Henderson is no grousing understudy
Mark Craig, Star Tribune
May 1, 2005 VIKE0501
A lot of professional athletes are just being paranoid when they complain that fans and media have counted them out.
But Vikings middle linebacker E.J. Henderson was absolutely right when he mentioned it Friday.
After all, who hasn't reached "10" and waved their arms over the 24-year-old Henderson's fledgling career? Who hasn't used an indelible marker to write 30-year-old newcomer Sam Cowart's name down as the starting middle linebacker for 2005?
"You can count me out, coaches can count me out, players can count me out," Henderson said. "But I'm not going to count myself out. And that's what really counts."
Rather than pull a Denard Walker and pout his way off the team, Henderson, according to Vikings officials, embraced the challenge put before him March 18 when the Vikings acquired Cowart from the New York Jets for a seventh-round draft pick. Cowart is working exclusively with the first unit during minicamp this weekend, while Henderson is on the second unit and special teams.
Because of Henderson's athleticism and professionalism, the Vikings aren't ruling out the possibility that he'll reclaim his starting job in training camp.
And if Cowart and Henderson both perform at a high level, Henderson will start in the middle and Cowart could move to the weak side, where Dontarrious Thomas and Raonall Smith are sharing reps with the first team this weekend.
"We'll find ways to get the best linebackers on the field," defensive coordinator Ted Cottrell said. "We might run some 3-4, too."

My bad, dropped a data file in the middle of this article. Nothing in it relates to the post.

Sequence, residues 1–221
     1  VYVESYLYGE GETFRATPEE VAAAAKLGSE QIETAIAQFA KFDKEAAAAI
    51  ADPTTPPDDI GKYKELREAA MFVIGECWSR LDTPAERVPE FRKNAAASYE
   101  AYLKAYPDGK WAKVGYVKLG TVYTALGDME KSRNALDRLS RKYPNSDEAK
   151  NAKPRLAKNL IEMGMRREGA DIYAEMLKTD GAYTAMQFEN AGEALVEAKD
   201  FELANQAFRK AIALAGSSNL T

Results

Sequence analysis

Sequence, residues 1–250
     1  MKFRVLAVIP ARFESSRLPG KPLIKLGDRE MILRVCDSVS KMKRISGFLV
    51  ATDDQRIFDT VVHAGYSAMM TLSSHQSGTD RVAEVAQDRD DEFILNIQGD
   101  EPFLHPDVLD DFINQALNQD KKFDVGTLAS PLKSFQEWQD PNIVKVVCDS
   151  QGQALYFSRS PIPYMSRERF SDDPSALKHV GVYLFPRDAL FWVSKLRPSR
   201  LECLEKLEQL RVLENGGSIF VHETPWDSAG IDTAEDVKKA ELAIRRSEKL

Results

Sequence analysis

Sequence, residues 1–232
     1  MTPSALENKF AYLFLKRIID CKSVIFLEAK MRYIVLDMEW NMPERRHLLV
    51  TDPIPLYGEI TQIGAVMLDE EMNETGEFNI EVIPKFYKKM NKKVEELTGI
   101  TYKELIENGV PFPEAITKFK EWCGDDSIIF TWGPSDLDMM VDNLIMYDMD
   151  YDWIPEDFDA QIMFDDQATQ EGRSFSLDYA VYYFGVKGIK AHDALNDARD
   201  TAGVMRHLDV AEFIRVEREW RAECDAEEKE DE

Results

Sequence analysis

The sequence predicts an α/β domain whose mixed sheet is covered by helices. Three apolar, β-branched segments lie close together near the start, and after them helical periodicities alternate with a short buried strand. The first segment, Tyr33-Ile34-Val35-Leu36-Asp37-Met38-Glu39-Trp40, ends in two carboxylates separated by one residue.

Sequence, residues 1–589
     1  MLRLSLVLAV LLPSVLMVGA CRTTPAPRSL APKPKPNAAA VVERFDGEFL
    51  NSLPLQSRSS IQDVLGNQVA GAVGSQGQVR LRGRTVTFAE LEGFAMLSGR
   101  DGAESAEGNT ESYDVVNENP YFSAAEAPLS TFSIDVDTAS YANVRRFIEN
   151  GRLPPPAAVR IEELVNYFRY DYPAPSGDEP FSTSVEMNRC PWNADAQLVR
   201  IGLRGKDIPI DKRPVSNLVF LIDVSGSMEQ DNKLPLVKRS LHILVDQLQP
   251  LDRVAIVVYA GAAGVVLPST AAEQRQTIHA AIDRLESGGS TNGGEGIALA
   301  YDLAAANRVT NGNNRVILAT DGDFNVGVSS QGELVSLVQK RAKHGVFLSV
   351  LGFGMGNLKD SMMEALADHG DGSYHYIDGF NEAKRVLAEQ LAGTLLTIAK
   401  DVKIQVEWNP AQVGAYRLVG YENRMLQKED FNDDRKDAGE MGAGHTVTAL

Henderson replaced the retired Greg Biekert in 2004 and led the Vikings in tackles with 125 despite a lingering knee injury. But his missteps and blown assignments, particularly in the passing game, were among the reasons the Vikings slumped to a 3-7 finish for the second consecutive year.
"My linebacker coach [Pete Bercich] called me and told me they were going to trade for Sam," Henderson said. "I said, 'Cool.' I can't blame them. I don't think I did terrible, but I definitely think I have a lot of things I can improve on."
Cottrell and Cowart have a history together in Buffalo and New York. Cottrell said he wants Cowart around beyond this season, but this could be a one-year fix.
Cowart is in his eighth season, has had Achilles' tendon and knee injuries and has a one-year, $1 million contract with about $500,000 in incentives based on playing time.
Cowart missed eight games and had only 25 tackles last season because of a sprained knee ligament. He lost his job to rookie Jonathan Vilma and then asked for a trade.
The Vikings convinced him to void the remaining three years on his contract and take a $500,000 cut in base pay for this season.
"It started out as a straight three-year deal," Cowart said. "Then my agent [Paul Healy] said, 'You know, if you stay healthy, you're one of the premier guys in the league at the inside position. If they have you locked in for three years, they aren't going to rip it up and give you a new one.'
"If I do well this season, I'd probably want to stay. I played for Teddy in Buffalo, and I went to the Pro Bowl under him in 2000. He's the reason I went to the Jets. And now I'm here."
Cowart and Henderson met for the first time Friday morning before the first minicamp practice. By Saturday morning, Cowart was pulling Henderson aside to explain the nuances of Cottrell's defense.
"Sam seems like a cool dude," Henderson said. "I definitely think we'll have a good feeling together."
To help put last season's mistakes behind him, Henderson said he has studied every defensive play from 2004 twice. It seems to be working: Cottrell said he's noticing fewer mistakes from Henderson this weekend.
"People can say what they want, but there is no job locked up, except for Pep [quarterback Daunte Culpepper]," Henderson said. "The rest of us are competing. If I want to play, I have to make them play me."
Mark Craig is at [email protected]
Good stuff, i think EJ's really coming along, and with the help of cowart who knows cotrells defense like the back of his hand and knows the MLB position this is a great mentour for our future MLB.